Hui Li ‘21
Co-Chief Graphic Designer
On March 8, Provost and Dean of the College Margaret Freije sent an email to the college community announcing that Amit Taneja, the current Associate Provost for Diversity, Equity, and Inclusion, has accepted a new position at the Chautauqua Institution in New York State. According to the March 8 press release on the Institution’s website, Taneja is set to be Chautauqua’s “First-Ever Senior Vice President and Chief Inclusion, Diversity, Equity, and Accessibility (IDEA) Officer” on May 17.
The Spire reached out to Taneja for comment regarding his imminent departure from the campus community and his six-year career at the college. Provost Freije’s email stated that Taneja, who joined the Hill in 2015, “built the Office of Diversity, Equity, and Inclusion” and “lead the DEI Implementation Team in the continued development and implementation of the College’s Anti-Racism Action Plan and DEI strategic plan.” Taneja stated that he could not have done these things without “partnership with others in the community.”
One of the first things that Taneja did was address the pressing task of hiring more and staff from underrepresented demographics. “I am grateful that I have been able to partner with faculty and staff to change hiring procedures at the College. Specifically, we have built in practices that focus on mission and diversity in the entire hiring process – from start to finish. This has led to some significant outcomes, including the hiring of 38% ALANA (Asian, Latino, African, and Native American) & 55% women tenure-track faculty during [the past six years],” he shared.
Taneja’s work to make the college a more diverse and welcoming place did not happen without its struggles, however. One challenge that Taneja faced came from the fact that the college, like many institutions nationwide, is a microcosm of the broader society. “Higher education institutions mirror our larger society,” he stated. In recent years, there have been a growing number of bias-related incidents across the country, and Taneja added that “Holy Cross is unfortunately not unique” in this regard.
Regarding the bias-based incidents that have happened during his time, Taneja shared, “It is very disheartening and disappointing [when these incidents occur, and i]t is hard to imagine how a member of our community could think or act in those ways. Those moments were heartbreaking – for our community and those impacted by those actions.”
“Ultimately, this is our campus as a collective. We get to define who we want to be as an institution. The students have a very important role. When they see those kinds of incongruent actions happening, that’s when we have to dig deep inside and say, ‘what is my role in this situation to address this behavior?’ [This is t]he question of ‘who am I called to be?’ Those are not just theoretical questions: they have very practical answers for when you see some kind of injustice happening. My hope is that more and more students are able to find their voice and speak up,” he said.
Another challenge Taneja addressed was the difficulty in implementing changes in some administrative policies. “Change does not come easy to historic institutions. Changing our policies and practices absolutely carries some risks: risk of the unknown, risk of failure, risk of letting go of the foundation that may have sustained the institution for a very long time. But I would argue that those changes actually sustain us to grow into the future as to fighting it,” he said.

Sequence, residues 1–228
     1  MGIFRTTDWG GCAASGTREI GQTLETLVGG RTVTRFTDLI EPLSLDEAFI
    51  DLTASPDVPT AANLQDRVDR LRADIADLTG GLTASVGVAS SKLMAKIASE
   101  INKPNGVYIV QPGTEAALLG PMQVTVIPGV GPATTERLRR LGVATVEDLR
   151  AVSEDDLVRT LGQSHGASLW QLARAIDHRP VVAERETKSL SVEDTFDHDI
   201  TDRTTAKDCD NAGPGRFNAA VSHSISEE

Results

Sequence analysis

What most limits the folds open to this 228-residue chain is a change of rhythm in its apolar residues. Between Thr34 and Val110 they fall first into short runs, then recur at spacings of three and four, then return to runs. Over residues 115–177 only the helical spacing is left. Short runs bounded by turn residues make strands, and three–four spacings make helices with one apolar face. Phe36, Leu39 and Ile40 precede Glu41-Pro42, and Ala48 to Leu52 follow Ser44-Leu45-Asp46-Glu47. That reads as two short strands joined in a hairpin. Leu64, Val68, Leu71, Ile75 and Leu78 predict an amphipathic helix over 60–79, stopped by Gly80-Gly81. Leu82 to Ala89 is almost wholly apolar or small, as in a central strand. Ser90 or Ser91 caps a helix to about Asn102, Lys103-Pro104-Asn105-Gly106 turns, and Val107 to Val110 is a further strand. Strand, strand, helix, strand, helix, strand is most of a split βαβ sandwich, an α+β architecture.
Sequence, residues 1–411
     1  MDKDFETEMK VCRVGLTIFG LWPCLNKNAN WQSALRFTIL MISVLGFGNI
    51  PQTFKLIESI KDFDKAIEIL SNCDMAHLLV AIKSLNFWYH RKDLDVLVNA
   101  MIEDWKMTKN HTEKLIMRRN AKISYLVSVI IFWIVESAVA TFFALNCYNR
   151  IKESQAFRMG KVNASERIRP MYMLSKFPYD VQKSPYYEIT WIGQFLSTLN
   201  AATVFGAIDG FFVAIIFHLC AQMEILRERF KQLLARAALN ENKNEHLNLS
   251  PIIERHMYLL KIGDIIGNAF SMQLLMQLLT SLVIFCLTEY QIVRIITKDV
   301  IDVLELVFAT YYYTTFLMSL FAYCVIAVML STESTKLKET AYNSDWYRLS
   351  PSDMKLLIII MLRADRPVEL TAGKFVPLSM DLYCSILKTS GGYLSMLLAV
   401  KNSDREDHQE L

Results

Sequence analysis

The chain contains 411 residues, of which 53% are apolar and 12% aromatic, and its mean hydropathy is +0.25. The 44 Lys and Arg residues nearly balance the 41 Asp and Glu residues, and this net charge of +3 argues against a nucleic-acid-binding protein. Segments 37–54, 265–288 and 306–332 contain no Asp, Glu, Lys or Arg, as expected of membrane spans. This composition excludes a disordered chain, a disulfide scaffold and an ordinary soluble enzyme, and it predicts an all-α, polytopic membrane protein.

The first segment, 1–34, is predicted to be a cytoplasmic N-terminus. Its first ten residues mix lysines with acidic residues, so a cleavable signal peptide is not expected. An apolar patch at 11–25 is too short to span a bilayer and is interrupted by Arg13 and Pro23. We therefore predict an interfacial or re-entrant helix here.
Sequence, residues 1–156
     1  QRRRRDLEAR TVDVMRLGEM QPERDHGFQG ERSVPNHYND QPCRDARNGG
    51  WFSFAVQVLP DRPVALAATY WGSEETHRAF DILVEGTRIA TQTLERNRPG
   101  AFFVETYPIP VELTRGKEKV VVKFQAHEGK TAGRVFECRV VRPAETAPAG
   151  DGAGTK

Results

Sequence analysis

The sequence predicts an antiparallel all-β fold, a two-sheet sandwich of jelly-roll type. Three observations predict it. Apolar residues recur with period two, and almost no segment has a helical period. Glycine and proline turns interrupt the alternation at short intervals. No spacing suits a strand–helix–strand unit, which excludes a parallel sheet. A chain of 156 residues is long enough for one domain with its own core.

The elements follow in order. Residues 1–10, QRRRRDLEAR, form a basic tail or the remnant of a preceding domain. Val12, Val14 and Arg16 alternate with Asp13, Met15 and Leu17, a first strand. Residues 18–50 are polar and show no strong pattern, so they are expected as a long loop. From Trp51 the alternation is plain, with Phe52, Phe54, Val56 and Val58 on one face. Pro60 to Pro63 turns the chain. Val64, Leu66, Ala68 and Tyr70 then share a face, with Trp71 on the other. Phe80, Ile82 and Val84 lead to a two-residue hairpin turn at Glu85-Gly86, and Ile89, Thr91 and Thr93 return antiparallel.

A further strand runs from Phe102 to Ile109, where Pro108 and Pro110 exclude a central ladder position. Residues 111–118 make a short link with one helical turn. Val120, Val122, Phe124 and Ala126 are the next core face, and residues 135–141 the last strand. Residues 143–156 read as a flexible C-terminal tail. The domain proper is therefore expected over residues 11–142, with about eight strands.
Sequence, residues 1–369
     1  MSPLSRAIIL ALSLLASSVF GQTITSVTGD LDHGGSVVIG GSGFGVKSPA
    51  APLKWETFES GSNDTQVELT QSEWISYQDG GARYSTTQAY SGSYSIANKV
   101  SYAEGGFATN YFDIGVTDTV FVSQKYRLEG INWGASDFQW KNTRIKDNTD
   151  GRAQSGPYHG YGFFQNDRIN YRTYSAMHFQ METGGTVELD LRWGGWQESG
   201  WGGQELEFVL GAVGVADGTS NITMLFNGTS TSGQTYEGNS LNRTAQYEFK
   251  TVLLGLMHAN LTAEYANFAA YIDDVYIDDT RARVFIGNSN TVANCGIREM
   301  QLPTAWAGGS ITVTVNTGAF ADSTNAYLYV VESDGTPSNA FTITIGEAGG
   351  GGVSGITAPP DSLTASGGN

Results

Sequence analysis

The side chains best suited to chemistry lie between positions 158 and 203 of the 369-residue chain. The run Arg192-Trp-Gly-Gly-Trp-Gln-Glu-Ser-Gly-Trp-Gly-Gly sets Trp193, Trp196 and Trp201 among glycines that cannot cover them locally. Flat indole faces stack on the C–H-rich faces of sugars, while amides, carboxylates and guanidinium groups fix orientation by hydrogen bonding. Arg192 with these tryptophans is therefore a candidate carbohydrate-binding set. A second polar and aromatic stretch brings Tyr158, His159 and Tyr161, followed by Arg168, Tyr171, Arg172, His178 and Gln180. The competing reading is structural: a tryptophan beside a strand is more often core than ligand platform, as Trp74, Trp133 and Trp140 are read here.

Taneja added, “You see the impact of change over time.” He explained that when he first started working at Holy Cross in 2015, there were only two people of color on the president’s cabinet. By the time incoming president Rougeau begins his time in office in July 2021, there will be five people of color on the cabinet, he said.
Taneja, who will be leaving the college on April 16 to prepare for his role at Chautauqua, will not have a role in the college’s search for a new associate provost. He did, however, share what he hopes that his successor will do.
“I’ve tilled the soil so that the next associate provost can come in and really build on the institution’s successes so they don’t have to start from scratch. They can take the successes that we’ve had and elevate them. I’m leaving behind a lot of policies and procedures for [the future associate provost] to build upon and take Holy Cross to the next step,” he said.
When asked about what he has learned from his time at the college, Taneja stated, “I think I really grew in my understanding of, and appreciation for, interfaith dialogue – and the ways in which it can help heal some of the divides in our country…faith is one dimension which can provide the foundation for deep and difficult dialogues, and in turn can help us to change hearts and minds.” He added that the college “provided [him] an opportunity to see this in practice.”
“Chautauqua Institution is built on four pillars – arts, education, recreation and religion. [Holy Cross’] appreciation of religion as a common ground will certainly help me in my new position,” he said about the future. In addition to continuing his work on Diversity, Equity, and Inclusion, Taneja is looking forward to doing something special soon, adding, “The past 15 months of pandemic meant that my husband and I have not seen our families for a very long time, and that we needed to be closer to our families. Chautauqua is thirty minutes from my in-laws, and about 2.5 hours from my family. I am really looking forward to being able to see my niece and nephews on a more regular basis, and defend my title as the ‘best uncle ever’!”